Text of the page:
However, even though
0.0.0.0/8, the subnet that contains
0.0.0.0/32 is also
defined as an invalid destination and not forwardable, it does not receive that
same treatment. This means that a packet with destination
actually leave your system. Depending on how the router at your edge is
configured, this may make it all the way to your ISP until someone or something
decides that “actually, there’s no route for this prefix so bye”. Since that’s
fairly useless, we can block all of
0.0.0.0/8 to begin with, which also
I’m not sure why this is different, but many TCP stacks have been around forever and have a lot of history in them. Even if we could techincally fix this, it might break something somewhere so folks might be hesitant to do so. Having too many of these checks in the kernel can also be problematic, since ranges can be repurposed over time and then we suddenly wouldn’t be able to connect to them without updating our kernel. This is not likely to happen for this particular range since that would break the world.
How can we do better
Thankfully the Internet Assigned Numbers Authority is here to save us. As with many things, IANA maintains lists (registries) of known “things”. These things are usually numbers, surprise, that in a certain contexts have special meaning. These numbers in turn usually come from IETF RFCs. There’s lists for well-known port numbers, TLS cipher suites, OIDs in use in SNMP and many other things.
For our purposes, IANA maintains the IPv4 and IPv6 Special Purpose Registries which contain most, yes most not all, IP ranges you probably don’t want to allow connections to. Aside from the prefixes in these registries we also don’t want to allow connections to IPv4 and IPv6 multicast addresses.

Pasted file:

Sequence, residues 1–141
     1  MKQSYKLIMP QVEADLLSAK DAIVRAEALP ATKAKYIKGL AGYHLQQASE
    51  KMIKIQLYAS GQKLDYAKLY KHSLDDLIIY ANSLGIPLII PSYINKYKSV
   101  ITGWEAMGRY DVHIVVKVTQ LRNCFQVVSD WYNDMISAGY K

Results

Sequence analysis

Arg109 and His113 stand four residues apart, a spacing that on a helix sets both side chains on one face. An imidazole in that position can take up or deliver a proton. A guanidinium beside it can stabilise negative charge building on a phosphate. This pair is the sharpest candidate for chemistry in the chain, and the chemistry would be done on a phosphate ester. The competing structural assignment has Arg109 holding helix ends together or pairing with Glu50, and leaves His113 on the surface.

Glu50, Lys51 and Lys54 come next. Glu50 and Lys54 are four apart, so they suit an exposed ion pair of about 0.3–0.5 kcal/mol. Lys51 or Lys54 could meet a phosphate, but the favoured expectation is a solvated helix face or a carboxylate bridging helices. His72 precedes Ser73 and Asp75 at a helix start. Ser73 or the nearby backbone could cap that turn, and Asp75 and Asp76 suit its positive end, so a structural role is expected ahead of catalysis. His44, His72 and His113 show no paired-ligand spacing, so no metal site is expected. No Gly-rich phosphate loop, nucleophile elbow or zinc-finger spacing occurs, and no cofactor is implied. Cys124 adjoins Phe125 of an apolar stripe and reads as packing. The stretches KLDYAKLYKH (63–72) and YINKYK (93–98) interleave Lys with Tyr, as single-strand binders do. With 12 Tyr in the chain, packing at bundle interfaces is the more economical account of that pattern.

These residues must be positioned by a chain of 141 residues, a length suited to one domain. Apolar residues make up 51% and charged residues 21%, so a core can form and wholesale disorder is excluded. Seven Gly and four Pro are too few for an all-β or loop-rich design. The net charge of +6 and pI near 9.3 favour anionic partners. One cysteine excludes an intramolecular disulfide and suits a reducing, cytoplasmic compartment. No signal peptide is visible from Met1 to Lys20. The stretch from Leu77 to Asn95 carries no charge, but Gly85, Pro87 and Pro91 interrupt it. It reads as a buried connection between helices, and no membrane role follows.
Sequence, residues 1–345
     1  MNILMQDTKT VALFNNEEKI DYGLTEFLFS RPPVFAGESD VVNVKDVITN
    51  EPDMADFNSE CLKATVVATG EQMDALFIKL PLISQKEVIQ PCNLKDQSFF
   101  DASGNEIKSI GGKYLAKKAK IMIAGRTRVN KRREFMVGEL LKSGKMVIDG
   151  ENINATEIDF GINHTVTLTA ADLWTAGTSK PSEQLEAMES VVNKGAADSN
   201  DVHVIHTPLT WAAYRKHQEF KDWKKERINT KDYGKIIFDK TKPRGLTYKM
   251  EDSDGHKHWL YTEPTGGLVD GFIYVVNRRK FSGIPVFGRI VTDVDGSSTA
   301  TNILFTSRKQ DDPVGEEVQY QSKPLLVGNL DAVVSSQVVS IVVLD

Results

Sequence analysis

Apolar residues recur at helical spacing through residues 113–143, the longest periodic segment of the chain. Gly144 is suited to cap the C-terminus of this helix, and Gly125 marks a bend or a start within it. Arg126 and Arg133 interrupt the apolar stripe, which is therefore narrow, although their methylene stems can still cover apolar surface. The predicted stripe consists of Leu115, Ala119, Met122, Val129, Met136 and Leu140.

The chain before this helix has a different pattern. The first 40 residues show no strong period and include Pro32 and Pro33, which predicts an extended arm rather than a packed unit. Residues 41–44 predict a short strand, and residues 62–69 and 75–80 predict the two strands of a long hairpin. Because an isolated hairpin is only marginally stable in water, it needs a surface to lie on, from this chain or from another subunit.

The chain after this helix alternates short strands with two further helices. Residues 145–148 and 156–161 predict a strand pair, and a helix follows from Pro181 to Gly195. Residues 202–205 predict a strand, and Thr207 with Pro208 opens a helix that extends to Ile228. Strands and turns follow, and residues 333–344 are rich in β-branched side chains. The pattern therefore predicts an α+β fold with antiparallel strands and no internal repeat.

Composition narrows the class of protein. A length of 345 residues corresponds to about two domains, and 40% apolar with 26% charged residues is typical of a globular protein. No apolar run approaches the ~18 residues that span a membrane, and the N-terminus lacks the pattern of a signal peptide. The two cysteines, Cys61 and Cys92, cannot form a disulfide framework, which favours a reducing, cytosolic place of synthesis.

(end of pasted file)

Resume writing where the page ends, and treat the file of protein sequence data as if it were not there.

Some of the prefixes listed in the IANA registries also overlap, as they call out each subnet that has been assigned specific meaning. This means that in our case we also need to reduce this list down to the biggest prefix that encompasses them in order to limit the amount of prefixes we need to check.
In Go, we can use the
Control method on a
prevent a connection to a destination from being established. The
method sits at the perfect point in time in the chain. DNS resolution has
already taken place so we have an IP, but we haven’t connected to the
Since we’re using the
net.Dialer for this, the protections apply to any
protocol using TCP or UDP. It’s not limited to HTTP.
Controlmethod this way is not what it was initially designed for. This came up in a discussion in the Go issue tracker, but no other hook currently exists for this purpose either. Every SSRF mitigation solution for Go thus ends up using it and there doesn’t really seem to be an issue with doing so in practice.
The SSRF package I’ve recently created does exactly that, but it differs from other implementations in that most prefixes on that list are generated directly from the IANA registries. A generator is also included that runs twice a month through GitHub Actions to keep these up to date. Running it twice a month is overkill because these things only change every couple of years, but there’s no harm in it. It also ensures we exercise this automation regularly which is important to ensure things keep working.
My package makes use of the new
netip module in Go 1.18. This package makes
life a bit easier and also correctly classifies IPv4-mapped-IPv6 addresses as
IPv6, instead of the
net package which sees them as IPv4. This works out
great in our case because that prefix is contained in the IPv6 Special Purpose
Registry, not the IPv4 one. One less special case to deal with.
It also provides ways to explicitly allow an otherwise blocked prefix, add additional blocked prefixes and control which ports and protocols can be used.
Implementing SSRF protections is an important aspect of keeping your services secure on the internet. Many packages exist in different languages to help with this but they all seem to have an artisanally curated list of prefixes. Many don’t implement the right protections for IPv6 and certain especially tricky ranges whose implications might vary across OS are also often forgotten about.
The SSRF package I’ve published for Go tries to avoid all these issues by using the IANA registries to create the denylists. A number of additional prefixes are added to complete the set and the package is kept up to date by regenerating the prefixes from the registries on a regular cadence.